"I really think that Memphis is on the brink of breaking through, to have something special happening here -- not just the Memphis Tiger basketball team and not just the university, but the whole city," said Dave Bronczek, FedEx Express chief executive. "Of course, I may be biased to say that because of FedEx being here."
Johnson may bleed Tiger blue, but his next-favorite colors must be purple and orange -- 16.6 percent of the Ambassadors work at FedEx: Smith and Bronczek, plus chief financial officer Alan Graf and the newest club member, Lenny Feiler, senior vice president of central support services for FedEx Express.
"I don't think I ever said, 'Hey, Lenny, why don't you become an Ambassador?'" Bronczek said. "But now that Lenny has, and I have, and Fred has and Alan has, there's more people at FedEx who I think are looking at it."
Ambassadors, though, are a varied lot. Ken Lenoir, one of the newest members, is a former Tiger football player from the 1960s and founder of First Mercantile Trust Co., who said, "I just felt the need. I felt like the university had been good to me in my education. It was time to give something back."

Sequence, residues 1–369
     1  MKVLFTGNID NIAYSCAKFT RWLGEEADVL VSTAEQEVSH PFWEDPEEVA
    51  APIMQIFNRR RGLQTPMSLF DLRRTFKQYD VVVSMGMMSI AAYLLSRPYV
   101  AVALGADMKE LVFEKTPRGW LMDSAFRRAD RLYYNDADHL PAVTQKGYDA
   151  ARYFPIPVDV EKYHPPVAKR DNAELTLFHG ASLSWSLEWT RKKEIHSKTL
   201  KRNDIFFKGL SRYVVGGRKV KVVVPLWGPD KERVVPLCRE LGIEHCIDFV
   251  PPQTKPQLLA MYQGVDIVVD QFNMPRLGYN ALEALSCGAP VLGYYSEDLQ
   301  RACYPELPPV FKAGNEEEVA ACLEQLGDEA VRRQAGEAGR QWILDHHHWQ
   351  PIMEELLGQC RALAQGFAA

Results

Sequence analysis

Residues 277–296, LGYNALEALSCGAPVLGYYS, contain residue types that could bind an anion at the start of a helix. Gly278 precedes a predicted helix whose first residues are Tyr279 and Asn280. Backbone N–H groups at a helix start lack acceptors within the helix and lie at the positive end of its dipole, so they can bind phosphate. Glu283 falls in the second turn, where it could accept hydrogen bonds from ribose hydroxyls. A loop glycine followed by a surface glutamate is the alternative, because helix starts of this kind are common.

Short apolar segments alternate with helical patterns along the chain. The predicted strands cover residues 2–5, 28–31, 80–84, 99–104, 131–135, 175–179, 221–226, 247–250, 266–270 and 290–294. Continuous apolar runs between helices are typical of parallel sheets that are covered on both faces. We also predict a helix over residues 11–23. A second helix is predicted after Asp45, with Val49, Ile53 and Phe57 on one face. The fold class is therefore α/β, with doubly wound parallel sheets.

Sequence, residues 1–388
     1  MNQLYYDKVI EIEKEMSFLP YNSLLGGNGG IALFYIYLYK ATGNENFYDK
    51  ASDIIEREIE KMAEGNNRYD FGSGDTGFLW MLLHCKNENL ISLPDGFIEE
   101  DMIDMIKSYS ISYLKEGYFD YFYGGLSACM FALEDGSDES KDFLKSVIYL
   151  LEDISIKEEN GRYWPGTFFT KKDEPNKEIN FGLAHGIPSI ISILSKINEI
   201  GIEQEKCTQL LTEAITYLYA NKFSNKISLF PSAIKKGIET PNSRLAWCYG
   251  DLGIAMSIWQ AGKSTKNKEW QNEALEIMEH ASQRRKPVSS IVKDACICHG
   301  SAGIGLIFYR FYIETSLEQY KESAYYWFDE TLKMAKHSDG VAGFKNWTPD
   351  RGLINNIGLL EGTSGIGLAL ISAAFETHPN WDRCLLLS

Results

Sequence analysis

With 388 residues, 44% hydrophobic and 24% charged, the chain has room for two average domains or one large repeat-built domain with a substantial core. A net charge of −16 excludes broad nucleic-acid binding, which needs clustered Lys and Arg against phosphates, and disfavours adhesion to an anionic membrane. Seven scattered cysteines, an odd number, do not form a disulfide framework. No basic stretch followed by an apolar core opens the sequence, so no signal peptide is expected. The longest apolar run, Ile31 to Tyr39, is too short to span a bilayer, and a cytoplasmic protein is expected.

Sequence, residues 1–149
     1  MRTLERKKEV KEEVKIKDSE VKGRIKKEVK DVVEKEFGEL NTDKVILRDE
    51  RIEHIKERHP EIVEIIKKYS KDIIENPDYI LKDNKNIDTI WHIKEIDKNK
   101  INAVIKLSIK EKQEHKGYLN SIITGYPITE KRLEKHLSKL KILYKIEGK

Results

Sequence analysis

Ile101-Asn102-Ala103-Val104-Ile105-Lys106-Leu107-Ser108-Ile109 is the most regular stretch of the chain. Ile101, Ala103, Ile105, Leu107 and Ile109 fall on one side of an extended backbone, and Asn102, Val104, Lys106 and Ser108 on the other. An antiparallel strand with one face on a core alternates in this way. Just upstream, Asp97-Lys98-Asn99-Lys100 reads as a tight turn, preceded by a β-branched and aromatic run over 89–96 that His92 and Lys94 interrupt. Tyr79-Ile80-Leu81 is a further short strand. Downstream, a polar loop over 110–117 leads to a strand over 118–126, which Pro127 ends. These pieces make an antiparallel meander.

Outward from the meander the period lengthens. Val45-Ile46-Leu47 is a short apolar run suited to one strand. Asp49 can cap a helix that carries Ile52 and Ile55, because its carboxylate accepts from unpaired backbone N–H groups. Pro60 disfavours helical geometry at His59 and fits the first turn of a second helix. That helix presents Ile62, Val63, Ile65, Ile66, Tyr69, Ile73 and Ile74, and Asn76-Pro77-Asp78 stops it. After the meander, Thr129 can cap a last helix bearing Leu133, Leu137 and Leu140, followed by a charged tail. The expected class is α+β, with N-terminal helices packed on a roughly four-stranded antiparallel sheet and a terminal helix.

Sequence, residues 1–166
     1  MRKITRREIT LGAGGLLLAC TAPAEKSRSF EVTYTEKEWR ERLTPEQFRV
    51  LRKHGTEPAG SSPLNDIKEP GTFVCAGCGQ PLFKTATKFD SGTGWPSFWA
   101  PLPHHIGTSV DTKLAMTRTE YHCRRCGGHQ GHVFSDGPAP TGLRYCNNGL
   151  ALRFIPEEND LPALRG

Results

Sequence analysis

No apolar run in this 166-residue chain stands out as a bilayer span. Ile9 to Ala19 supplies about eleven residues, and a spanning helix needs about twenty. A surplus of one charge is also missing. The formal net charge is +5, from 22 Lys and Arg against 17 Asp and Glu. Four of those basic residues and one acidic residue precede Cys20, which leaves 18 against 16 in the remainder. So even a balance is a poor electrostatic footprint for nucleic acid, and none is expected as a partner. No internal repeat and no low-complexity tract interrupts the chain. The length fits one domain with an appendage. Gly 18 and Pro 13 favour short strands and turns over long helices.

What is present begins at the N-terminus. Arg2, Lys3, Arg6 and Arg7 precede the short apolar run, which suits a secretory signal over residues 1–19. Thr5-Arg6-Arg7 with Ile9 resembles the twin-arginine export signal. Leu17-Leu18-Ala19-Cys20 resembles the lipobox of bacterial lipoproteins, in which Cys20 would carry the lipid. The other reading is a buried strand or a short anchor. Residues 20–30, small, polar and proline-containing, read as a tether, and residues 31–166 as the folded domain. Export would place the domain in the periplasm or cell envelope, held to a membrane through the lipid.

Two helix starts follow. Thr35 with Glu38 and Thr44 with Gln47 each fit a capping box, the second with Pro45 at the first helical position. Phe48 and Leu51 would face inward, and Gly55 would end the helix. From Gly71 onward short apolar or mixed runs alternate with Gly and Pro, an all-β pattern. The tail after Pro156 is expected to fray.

Lenoir shrugged off the perks, which also include the right to buy prime seats, increased access to coaches, and regular meetings with Johnson and President Shirley Raines.
"I didn't do it for that," he said. "Perks didn't interest me. It was the university. The university means a lot to the city. It's an investment."
Which isn't to say these corporate-titan types don't care so much about winning games and chasing titles. Talk football sometime with Fred Smith, or basketball with Mike Rose, and you'll learn otherwise.
The Ambassadors are fans. At the recent club gathering, basketball coach John Calipari spoke for a few minutes about the 2007-2008 Tigers, then took questions.
The first one: Can we start tomorrow?
But they're fans who know the Tigers aren't only competing on the field and court. They're in a major college athletic arms race -- to attract and retain coaches in an age of multimillion-dollar contracts, to woo national recruits easily swayed by the chance to play in higher-profile leagues than Memphis' Conference USA.